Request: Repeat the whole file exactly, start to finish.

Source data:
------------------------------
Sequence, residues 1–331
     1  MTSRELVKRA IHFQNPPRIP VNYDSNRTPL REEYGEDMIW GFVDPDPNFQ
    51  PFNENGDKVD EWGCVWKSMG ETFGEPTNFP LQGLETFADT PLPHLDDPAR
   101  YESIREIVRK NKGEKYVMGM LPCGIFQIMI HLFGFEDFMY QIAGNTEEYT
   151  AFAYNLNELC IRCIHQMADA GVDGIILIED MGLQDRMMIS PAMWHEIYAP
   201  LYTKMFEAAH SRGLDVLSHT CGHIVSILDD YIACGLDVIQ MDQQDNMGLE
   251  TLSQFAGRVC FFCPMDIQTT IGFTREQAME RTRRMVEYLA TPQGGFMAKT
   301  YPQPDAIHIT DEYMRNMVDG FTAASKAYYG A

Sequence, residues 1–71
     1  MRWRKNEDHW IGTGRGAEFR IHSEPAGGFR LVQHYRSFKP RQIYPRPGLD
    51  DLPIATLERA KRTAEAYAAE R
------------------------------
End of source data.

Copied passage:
Sequence, residues 1–331
     1  MTSRELVKRA IHFQNPPRIP VNYDSNRTPL REEYGEDMIW GFVDPDPNFQ
    51  PFNENGDKVD EWGCVWKSMG ETFGEPTNFP LQGLETFADT PLPHLDDPAR
   101  YESIREIVRK NKGEKYVMGM LPCGIFQIMI HLFGFEDFMY QIAGNTEEYT
   151  AFAYNLNELC IRCIHQMADA GVDGIILIED MGLQDRMMIS PAMWHEIYAP
   201  LYTKMFEAAH SRGLDVLSHT CGHIVSILDD YIACGLDVIQ MDQQDNMGLE
   251  TLSQFAGRVC FFCPMDIQTT IGFTREQAME RTRRMVEYLA TPQGGFMAKT
   301  YPQPDAIHIT DEYMRNMVDG FTAASKAYYG A

Sequence, residues 1–71
     1  MRWRKNEDHW IGTGRGAEFR IHSEPAGGFR LVQHYRSFKP RQIYPRPGLD
    51  DLPIATLERA KRTAEAYAAE R